Devoted to the Propagation and Defense of New Testament Christianity
April 12, 1951

Little Evils -- Small Beginnings

David Lipscomb (Gospel Advocate, 1897)

All corruptions in religion are the results of small beginnings, of things that seemed insignificant and harmless in their inception. Romanism did not spring into existence full grown; it came from the introduction of a principle intended for the good of the churches and of the world. The churches in certain districts would meet together to consult for the common good of all, to encourage one another, and to cooperate in the conversion of their neighbors. This was a small beginning with a good purpose. The wrong principle injected into so commendable a work seemed so insignificant compared with the promised good that only the watchful eye and prophetic foresight of a Paul could see the evil. He warned them: "The mystery of lawlessness doth already work." It was small in its beginning. Its growth was gradual and imperceptible to the actors in it; it took hundreds of years to fully develop itself; but Romanism is the outgrowth of this small and innocent-looking beginning. It is now the great and overpowering tyranny of Christendom.

All denominations have grown out of the same seed. All the evils in the individual life of man or in the religious and political conditions of the world grow out of small and insignificant beginnings. The disease that undermines the constitution of the robust man and brings him to an untimely grave has its beginning in an insignificant disturbance of some of the small organs of the body. The part of wisdom is to oppose evils in their beginnings. We cannot be too guarded in watching ourselves closely and in keeping ourselves pure from the first tendency to depart from the first principles and practices of virtue and purity or from the slightest departure from the teachings and principles of the Bible. Paul watched himself that he might keep his body under, lest he should give way to the sinful propensities of the flesh, and himself become a castaway. He was equally cautious and watchful lest he should depart from the will of God. Departures would grow. He recognized the first steps in the consultations of men concerning ways to advance the cause of God as the germs of the "man of sin," and gave warning that this "man of sin" sitteth in the seat of God and exalteth himself above all that is worshipped, or that is called God.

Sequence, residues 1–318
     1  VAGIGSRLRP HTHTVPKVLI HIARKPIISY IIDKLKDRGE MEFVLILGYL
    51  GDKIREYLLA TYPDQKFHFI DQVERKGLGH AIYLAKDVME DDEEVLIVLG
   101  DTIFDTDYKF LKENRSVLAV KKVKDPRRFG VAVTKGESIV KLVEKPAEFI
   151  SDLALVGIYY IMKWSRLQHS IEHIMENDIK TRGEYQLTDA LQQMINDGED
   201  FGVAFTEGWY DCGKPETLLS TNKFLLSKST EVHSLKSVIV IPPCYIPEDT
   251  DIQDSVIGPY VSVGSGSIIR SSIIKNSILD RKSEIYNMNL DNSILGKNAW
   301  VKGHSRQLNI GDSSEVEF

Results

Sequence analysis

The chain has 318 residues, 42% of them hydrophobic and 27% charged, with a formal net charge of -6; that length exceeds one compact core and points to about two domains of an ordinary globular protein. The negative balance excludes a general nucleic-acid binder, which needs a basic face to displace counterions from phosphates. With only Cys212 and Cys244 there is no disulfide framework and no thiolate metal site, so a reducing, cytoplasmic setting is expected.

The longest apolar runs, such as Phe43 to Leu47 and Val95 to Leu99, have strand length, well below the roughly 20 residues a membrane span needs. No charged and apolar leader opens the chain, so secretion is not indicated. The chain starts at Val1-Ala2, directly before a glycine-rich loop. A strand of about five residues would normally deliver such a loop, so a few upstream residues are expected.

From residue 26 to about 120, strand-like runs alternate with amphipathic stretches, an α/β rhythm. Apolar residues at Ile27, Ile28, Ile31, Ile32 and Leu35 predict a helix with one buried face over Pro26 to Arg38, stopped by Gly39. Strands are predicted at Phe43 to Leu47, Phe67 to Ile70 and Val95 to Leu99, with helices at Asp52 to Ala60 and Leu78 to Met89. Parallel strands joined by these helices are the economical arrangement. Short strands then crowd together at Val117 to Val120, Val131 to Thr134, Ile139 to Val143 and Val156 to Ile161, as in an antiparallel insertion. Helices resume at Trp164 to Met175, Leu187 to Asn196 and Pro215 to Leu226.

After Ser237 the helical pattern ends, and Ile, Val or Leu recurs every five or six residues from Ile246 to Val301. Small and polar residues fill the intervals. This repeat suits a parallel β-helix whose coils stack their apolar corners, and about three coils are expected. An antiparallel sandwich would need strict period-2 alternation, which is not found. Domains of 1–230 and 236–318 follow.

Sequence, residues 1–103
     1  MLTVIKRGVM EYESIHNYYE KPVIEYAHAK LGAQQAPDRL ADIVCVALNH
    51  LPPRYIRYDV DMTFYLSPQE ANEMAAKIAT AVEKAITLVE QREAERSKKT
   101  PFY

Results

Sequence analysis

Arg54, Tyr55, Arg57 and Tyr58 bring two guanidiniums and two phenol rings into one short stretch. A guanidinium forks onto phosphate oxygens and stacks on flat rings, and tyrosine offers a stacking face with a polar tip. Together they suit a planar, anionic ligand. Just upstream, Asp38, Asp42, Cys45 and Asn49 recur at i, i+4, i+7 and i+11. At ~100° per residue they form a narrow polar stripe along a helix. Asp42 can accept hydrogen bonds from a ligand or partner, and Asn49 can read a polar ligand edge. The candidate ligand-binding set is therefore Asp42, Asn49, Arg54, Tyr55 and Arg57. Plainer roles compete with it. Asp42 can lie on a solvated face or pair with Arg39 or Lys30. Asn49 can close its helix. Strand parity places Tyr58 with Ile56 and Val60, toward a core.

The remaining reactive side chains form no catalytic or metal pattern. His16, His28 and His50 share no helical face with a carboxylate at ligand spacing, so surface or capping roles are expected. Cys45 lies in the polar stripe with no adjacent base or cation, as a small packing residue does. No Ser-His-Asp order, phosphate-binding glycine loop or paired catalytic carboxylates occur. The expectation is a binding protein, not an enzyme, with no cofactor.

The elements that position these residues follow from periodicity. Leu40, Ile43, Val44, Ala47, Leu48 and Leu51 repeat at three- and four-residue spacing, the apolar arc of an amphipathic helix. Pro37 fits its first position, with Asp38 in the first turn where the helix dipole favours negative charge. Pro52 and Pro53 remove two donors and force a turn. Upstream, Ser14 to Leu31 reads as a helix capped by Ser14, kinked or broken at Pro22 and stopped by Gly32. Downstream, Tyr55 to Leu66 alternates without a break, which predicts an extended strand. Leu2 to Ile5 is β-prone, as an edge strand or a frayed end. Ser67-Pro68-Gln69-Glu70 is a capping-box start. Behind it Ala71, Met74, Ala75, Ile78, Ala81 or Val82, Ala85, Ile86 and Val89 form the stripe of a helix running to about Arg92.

It was the meat and drink of Jesus to do the will of God, to keep the commandment of his Father. If we would live with God, we must drink into the spirit of Christ and strive to do the will of God, even as Jesus did the will of him who sent him. Let us watch the beginnings of evil. Churches should be guarded lest the germs of evil creep into the teaching and practice. There is especial danger here. There is such an appeal to seek to be popular that we may reach and save more. We so often defeat our aims. In becoming popular that we may save, we lose the power to save. The salt loses its savor when we try to change it into sugar. God is wiser than we. A firm but kind presentation of truth in all its strength and exclusiveness is what Jesus and the apostles did. They never catered to error nor sought popularity as a means of reaching and saving people. They were wiser than we are. Elders have a special obligation here to guard against men who hold errors because they are popular. They do the church wrong, even if they do not teach the error. To put them forward when they hold it is to approve or ignore the wrong and commend it to the world. A high and holy trust is committed to the elders of the churches to guard against the beginnings of evil in the church. Evil grows.